Author Topic: How long are dip pen nibs meant to last?  (Read 600 times)

Offline Chessie

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How long are dip pen nibs meant to last?
« on: April 16, 2023, 06:11:39 PM »
I felt certain someone must have answered this before me, but I couldn't find the specific question anywhere. 

In the months I've been learning (about four months), I've gone through about six metal dip pen nibs.  They've become too warped to use, rusted, bent out of shape, or ended up with one tine that wouldn't quite collect ink properly.  While that is really only about $6 worth of nibs, it feels like I shouldn't be damaging quite so many with just daily practice.  A few hours a day isn't that much mileage, right?  Am I being silly and worrying about nothing?  I've just dobbed another one into the bin after the left tine ended up slightly higher than the right and I couldn't fix it.

I'm using Mitchell round-hand nibs sans reservoir, incidentally. 

Offline Erica McPhee

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Re: How long are dip pen nibs meant to last?
« Reply #1 on: April 16, 2023, 09:23:17 PM »
That would be about right for pointed pen nibs but not broad pens. Broad pen nibs tend to last quite a long time and they get better with use (the opposite of pointed pens). There’s a sweet spot in there where they are well broken in and just sing. But it takes a bit to get there. Then they last quite some time and then wear out. But I have some broad nibs I have had a really long time.

What ink are you using? It could be possible the ink is corroding the nib and making it less sturdy. Or, what method are you using to prepare the nib? Perhaps it is too caustic?
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Offline K-2

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Re: How long are dip pen nibs meant to last?
« Reply #2 on: April 17, 2023, 01:10:42 AM »
@Chessie - There are various factors affecting how much use you can get out of a broad edge nib. (As @Erica McPhee notes: pointed pen nibs don't last as long, because you stress them more by flexing).

The main three variables are:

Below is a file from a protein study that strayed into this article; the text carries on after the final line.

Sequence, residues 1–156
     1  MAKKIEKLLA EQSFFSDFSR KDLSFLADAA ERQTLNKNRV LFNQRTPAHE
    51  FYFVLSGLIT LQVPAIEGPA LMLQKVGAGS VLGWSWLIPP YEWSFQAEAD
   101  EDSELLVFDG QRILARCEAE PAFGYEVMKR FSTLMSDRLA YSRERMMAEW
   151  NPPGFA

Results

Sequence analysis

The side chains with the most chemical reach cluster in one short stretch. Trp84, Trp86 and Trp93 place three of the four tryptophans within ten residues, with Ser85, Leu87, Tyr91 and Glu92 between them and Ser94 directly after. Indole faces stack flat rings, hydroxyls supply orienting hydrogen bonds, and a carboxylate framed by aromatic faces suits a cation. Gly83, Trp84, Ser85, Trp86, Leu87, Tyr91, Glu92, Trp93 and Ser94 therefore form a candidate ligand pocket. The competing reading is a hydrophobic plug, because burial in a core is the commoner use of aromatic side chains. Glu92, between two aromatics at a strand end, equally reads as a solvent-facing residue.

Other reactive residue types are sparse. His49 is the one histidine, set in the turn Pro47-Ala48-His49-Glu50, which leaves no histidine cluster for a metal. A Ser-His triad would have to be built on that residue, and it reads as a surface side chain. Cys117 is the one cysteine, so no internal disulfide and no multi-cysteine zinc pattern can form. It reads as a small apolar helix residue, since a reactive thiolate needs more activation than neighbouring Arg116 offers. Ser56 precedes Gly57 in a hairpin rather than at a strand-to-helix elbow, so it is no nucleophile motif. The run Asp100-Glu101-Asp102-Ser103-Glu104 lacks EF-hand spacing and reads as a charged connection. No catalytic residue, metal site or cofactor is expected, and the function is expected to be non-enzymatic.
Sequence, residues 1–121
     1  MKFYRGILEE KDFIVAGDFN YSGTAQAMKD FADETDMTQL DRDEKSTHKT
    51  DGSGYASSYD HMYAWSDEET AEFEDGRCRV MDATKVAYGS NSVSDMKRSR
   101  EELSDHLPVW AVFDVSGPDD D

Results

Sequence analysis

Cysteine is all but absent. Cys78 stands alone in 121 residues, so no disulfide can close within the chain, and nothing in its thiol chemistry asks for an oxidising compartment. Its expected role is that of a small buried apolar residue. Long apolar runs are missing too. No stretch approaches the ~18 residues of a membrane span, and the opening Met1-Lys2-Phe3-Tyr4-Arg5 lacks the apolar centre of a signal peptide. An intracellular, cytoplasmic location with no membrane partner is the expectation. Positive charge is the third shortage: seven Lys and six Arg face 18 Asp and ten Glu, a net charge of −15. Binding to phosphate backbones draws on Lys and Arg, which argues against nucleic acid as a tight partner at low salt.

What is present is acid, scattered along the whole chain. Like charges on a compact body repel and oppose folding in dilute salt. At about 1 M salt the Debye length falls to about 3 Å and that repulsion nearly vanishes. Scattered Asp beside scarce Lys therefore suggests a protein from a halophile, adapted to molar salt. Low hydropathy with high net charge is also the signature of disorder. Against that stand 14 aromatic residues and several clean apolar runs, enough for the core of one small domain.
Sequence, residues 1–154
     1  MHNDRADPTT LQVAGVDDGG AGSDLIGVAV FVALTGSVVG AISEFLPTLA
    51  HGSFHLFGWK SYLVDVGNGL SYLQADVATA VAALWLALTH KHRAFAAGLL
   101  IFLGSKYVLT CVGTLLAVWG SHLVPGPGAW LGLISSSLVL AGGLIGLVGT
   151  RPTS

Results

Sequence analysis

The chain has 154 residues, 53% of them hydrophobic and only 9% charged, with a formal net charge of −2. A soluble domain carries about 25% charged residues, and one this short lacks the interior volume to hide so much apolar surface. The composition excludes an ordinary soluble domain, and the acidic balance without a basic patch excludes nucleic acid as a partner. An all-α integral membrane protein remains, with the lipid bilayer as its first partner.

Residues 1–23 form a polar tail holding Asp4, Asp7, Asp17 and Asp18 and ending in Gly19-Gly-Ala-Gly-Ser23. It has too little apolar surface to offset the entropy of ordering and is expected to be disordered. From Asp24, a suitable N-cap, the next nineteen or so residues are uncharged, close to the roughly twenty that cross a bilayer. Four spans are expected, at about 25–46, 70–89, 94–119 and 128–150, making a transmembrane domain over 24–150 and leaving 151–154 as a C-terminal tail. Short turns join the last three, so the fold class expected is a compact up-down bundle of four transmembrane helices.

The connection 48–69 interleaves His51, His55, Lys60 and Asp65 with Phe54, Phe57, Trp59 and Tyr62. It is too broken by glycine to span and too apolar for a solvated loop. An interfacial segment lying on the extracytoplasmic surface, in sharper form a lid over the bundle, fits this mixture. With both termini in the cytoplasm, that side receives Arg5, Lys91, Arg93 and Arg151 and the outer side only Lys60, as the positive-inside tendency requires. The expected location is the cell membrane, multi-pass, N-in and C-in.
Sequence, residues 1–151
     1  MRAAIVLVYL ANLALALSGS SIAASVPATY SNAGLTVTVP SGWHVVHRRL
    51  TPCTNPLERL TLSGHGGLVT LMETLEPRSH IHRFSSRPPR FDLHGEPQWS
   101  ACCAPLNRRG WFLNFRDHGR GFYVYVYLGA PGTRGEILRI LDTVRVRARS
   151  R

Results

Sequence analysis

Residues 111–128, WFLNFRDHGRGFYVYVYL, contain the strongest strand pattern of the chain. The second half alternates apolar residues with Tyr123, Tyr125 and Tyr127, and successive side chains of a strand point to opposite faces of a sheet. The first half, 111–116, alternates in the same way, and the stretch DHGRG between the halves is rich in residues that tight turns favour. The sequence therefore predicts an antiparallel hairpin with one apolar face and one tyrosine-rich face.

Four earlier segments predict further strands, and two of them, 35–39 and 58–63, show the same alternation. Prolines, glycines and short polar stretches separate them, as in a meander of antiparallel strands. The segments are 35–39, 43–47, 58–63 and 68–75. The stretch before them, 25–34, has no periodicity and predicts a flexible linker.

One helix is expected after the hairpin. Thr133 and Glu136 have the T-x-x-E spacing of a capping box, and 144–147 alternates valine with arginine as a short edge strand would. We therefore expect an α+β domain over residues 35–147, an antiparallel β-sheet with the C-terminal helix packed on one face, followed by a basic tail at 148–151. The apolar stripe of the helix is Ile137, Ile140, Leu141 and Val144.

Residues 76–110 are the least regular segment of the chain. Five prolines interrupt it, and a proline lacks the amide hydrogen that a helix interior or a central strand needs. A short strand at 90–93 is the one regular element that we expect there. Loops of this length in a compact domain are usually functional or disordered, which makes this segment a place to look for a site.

How heavy your hand is. If you have a very heavy hand, you can splay/"spring" the nibs - especially very flexible, relatively delicate nibs like the Mitchells. A while ago you mentioned railroading with the Mitchells - that's a sign that you could lighten up the pressure.

What kind of ink you're using. Heavily lacquered sumi inks or acidic iron gall inks will corrode nibs pretty fast. When I use really heavily lacquered sumi inks (which are beautiful and shiny), I can see the bronze coating on the nib get stripped off after just a few hours.

How you're cleaning, drying, and storing your nibs. If you're using a straight holder (especially one with "universal/adjustable" internal metal flanges that grip the base of the nib), a little bit of water in there can cause a lot of corrosion and rust. I always take my nibs out of the holder, clean them thoroughly, wipe them dry, and store them in a separate tin to keep track of which nibs are in current use (I try to only have one or two active nibs of each size in use at one time). If I'm using sumi ink, gouache, metallics, or that Dr. Martin's bleed-proof white, I also give my nibs a whirl in the ultra-sonic bath at the end of the day.

A few other troubleshooting reminders:
* Sometimes you have to re-prep nibs if you get oils on them from your hands.
* When you remove a nib from a straight holder, pull it straight out. Try to avoid twisting it, because you can damage the alignment of the tines. (maybe that's how yours warped/bent?)
* You can sharpen broad edge nibs when they start to go dull (very much like a knife! hey, your knife sharpening skills might provide a great transition to nib tuning)

As a point of comparison, I often use a #2 or #1.5 Mitchell broad edge nib for years at a time before it goes bad. And even then, sometimes I give it a few passes over some 2400 grit sandpaper to tune it up and keep it going for another stretch. #2 and #1.5 are the ones I use most too. The more delicate #4, #5 and #6 nibs don't last quite as long, but I still use them for a year or two a time. And come to think of it, I can't even remember the last time I needed to bring out a new #2.5 or #3.

A few things allow for the preservation of my nibs: I have a very light hand from working with quills and brushes; I practice and layout with walnut ink and/or dye based fountain pen inks, which are very mild on nibs; I'm an absolute fanatic about cleaning and drying my equipment (seriously, not too long ago we had a discussion on the Forum about how to keep nibs from rusting, and everyone thought that I was a total weirdo for the lengths I go to clean and dry my nibs & holders every time I even pause for a little break).
* In contrast my students treat their nibs like garbage, and they hardly last through the semester.